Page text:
The Rise and Fall of VRML: Part 2

Last week we learned how the virtual reality modeling language (VRML) technology was developed and its huge potential in the world of online advertising.

More than any other web technology, VRML represented the ideal of the non-proprietary open standards movement and, ironically, it was this adherence to the fanatical religion of open standards that sowed the seeds of VRML’s eventual destruction.

Unlike Macromedia’s Flash technology, nobody “owns” VRML. It was quite literally created on a mailing list by a bunch of like-minded folks, although the eventual specs for both VRML 1.0 and VRML 2.0 were developed by Silicon Graphics and freely given to the VRML community. This means that if you, or anyone, wants to develop VRML tools, browsers, or applications, you are free to do so without having to pay any royalty fee. Sounds great, right?


The problem was that although the VRML specification was sacrosanct, the way that spec was interpreted was not. Anyone could create a VRML browser but each browser would interpret the VRML file differently.

Designers and authors of VRML content were forced to develop multiple versions of the same work since their applications would look and behave differently, depending on which browser the viewer had on his/her machine. VRML 1.0 was incompatible with VRML 2.0.

The leading VRML 2.0 browsers, the Cosmo Player from SGI’s Cosmo Software division and WorldView from VRML start-up Intervista, both had bugs which made corrected revisions incompatible with each other. It was as if all documents created in Word version 2.1 would be scrambled and incompatible in Word version 2.2.

Soon a proliferation of non-compatible VRML players were on the market, which meant that even if you saw VRML content on the web, chances were high that it wouldn’t run. Because there was no single source controlling the look, feel, and interpretation of the data file, VRML began to be crushed under the weight of the “open standards” mantle.

But there was light at the end of the tunnel: advertising. And what was needed was a single large content provider to choose one of the VRML players and go with it. In 1998, this almost happened. A large, unnamed-but-you-can-guess-who-it-is online service became very interested in VRML as a way of enhancing the advertising on its site as well as punching up its user interface. Since it controlled what software its users had, the incompatibility issue would go away. The Holy Grail was at hand for VRML, and it was all because of advertising and the power of vector graphics.

Alas, time was not on VRML’s side. Events were conspiring against the cool little technology invented on a mailing list. First SGI, which owned Cosmo Software (the leading VRML technology provider), was having its own problems unrelated to VRML.

Microsoft was eating their lunch and their stock was dropping like a stone. The CEO resigned, layoffs occurred, and products and divisions (including Cosmo Software) not related to the core hardware business were being shopped around or cut loose.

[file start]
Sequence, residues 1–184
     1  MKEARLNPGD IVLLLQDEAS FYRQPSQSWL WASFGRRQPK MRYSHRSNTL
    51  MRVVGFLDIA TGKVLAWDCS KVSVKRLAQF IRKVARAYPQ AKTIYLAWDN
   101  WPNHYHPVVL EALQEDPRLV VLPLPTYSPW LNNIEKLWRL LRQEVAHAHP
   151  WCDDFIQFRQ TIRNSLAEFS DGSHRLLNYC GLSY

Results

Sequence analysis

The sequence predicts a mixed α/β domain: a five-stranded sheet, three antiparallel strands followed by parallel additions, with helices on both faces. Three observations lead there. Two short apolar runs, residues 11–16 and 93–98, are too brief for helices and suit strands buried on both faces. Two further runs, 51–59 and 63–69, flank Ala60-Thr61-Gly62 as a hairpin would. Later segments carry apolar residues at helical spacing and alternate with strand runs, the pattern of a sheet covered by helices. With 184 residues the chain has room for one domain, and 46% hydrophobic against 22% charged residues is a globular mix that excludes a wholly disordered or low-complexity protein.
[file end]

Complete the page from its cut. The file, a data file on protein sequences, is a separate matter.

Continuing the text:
In the meantime, Intervista, the other VRML company, was having Microsoft problems of its own. Microsoft, who was the major source of distribution for Intervista’s WorldView VRML player, had developed its own 3D web technology called Chrome Effects, and as a result VRML went further and further down Internet Explorer’s priority list. By the summer of 1998, Intervista had been sold to Platinum Technologies, a developer of back-end enterprise software solutions. Within a month, after a potential deal with Sony fell apart, Cosmo Software was also sold to Platinum Technologies.

A single owner of the major VRML technologies could have been the savior of VRML, but lacking any vision for the product, VRML development soon stagnated under Platinum’s leadership. The online service provider got rightfully nervous and backed away, and VRML began its slow descent into oblivion.

The final insult occurred in 1999 during the VRML 1999 conference in Germany. While the Platinum VRML employees were out of the country manning the Platinum trade show booth, Platinum laid off the entire VRML division in a Monday morning blood bath. Within another month or two, Platinum itself was sold to Computer Associates, which inherited the VRML browsers and tools and currently sits on them.

I told you at the beginning of this series that it was a tragedy of epic proportions, and this little piece of the story is only the tip of the iceberg. The story of VRML is one of the great chapters in the history of the Internet, and one day the entire tale needs to be told.

In the meantime, there are a few keepers of the flame out there: The German company Blaxxun is still developing 3D communities and evangelizing the world of avatars. And proprietary 3D solutions keep popping up all the time. As for myself, I keep my avatar cleaned and pressed and ready to go.

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